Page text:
Commentary to the 27th Sunday in Ordinary Time (C)
PRAYER: recognizing God in our history
The Bible never says that Abraham entered into a shrine to pray, and yet he is considered not only as the father of believers, but also as a model of the man who prays. It is necessary to believe in order to pray and to believe one needs to pray. His whole life is marked by prayer; he initiated things only after he heard the word of the Lord; he took steps after having received from his God an indication of the way.
His story is marked by a constant dialogue with the Lord. “The Lord said to Abram: go…then Abram departed” (Gen 12:1,4). “The word of the Lord came to Abram in a vision … and Abram said: Lord, what will you give me?” (Gen 15:1,2) “Then the Lord appeared to him by the oaks of Mamre and he bowed down to the ground” (Gen 18:1-3). “God put Abraham to the test … and Abraham answered: Here I am!” (Gen 22:1) This dialogue has fueled the faith of Abraham; it prepared him to accept the will of God. It made ??him believe in his love despite appearances to the contrary.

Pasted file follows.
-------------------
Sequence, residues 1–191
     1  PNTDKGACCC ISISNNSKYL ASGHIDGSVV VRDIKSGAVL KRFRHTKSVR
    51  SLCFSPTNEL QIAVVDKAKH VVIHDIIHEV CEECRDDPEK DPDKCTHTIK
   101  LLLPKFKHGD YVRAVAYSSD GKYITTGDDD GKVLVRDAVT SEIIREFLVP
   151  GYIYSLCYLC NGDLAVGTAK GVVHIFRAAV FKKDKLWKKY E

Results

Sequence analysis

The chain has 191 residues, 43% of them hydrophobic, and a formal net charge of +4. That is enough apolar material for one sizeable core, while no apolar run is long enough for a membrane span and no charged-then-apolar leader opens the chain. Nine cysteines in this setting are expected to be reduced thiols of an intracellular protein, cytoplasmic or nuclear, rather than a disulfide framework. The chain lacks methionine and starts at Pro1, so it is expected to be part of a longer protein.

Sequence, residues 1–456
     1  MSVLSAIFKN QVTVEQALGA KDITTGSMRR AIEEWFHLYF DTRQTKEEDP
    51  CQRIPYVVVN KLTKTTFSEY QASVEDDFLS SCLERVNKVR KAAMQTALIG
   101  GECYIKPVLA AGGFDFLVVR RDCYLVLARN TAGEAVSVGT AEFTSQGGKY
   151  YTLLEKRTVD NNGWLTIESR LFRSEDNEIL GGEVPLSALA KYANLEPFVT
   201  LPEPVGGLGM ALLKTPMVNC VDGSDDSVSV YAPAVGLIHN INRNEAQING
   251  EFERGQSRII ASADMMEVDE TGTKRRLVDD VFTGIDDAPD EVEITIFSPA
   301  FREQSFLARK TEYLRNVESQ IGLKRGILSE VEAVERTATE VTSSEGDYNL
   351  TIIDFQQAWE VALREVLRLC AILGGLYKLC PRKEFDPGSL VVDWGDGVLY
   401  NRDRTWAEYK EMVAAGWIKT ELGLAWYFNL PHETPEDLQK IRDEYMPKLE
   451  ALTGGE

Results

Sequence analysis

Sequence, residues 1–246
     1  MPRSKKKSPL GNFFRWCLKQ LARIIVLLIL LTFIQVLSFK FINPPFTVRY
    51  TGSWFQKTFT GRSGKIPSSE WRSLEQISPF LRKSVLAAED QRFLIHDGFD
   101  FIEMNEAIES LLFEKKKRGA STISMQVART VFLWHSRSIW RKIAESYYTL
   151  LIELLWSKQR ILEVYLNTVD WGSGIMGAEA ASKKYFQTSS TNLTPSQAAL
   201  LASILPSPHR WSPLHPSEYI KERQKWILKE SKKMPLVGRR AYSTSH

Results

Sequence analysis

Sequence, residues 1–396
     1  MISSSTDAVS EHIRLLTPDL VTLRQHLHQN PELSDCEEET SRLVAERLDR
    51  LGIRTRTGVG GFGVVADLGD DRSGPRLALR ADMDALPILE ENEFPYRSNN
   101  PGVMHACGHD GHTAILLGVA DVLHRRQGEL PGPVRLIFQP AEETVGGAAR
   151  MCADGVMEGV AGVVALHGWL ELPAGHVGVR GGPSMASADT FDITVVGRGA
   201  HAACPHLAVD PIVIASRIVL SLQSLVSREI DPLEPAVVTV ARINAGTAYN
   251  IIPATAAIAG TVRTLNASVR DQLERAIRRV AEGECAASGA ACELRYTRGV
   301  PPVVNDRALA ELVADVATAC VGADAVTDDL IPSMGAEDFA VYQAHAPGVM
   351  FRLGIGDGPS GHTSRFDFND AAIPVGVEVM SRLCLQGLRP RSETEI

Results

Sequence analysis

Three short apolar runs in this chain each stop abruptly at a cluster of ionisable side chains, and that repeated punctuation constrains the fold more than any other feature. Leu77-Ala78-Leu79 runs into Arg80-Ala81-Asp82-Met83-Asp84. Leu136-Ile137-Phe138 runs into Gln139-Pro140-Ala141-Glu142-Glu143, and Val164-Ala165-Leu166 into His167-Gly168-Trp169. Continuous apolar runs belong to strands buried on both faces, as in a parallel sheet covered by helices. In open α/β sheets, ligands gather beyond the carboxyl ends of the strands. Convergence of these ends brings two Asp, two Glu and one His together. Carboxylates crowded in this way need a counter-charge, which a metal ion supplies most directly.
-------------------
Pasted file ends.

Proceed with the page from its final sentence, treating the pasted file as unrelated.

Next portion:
Many events of our life are enigmatic, incomprehensible and illogical and seem to give reasons to one who doubts whether God is present in and accompanies our history. In these moments our faith is put to hard test and we would naturally cry out to the Lord and implore: “Listen to our voice, understand our lament.” He always listens to our voice though it is difficult for us to perceive his voice. “Make us listen to your voice O Lord”; it is the invocation that we must address to him: to open our hearts, help us to renounce our longings, securities and plans and instead make us welcome Yours. This is the faith that saves.
To internalize the message, let us repeat: “Make us listen to your voice, O Lord”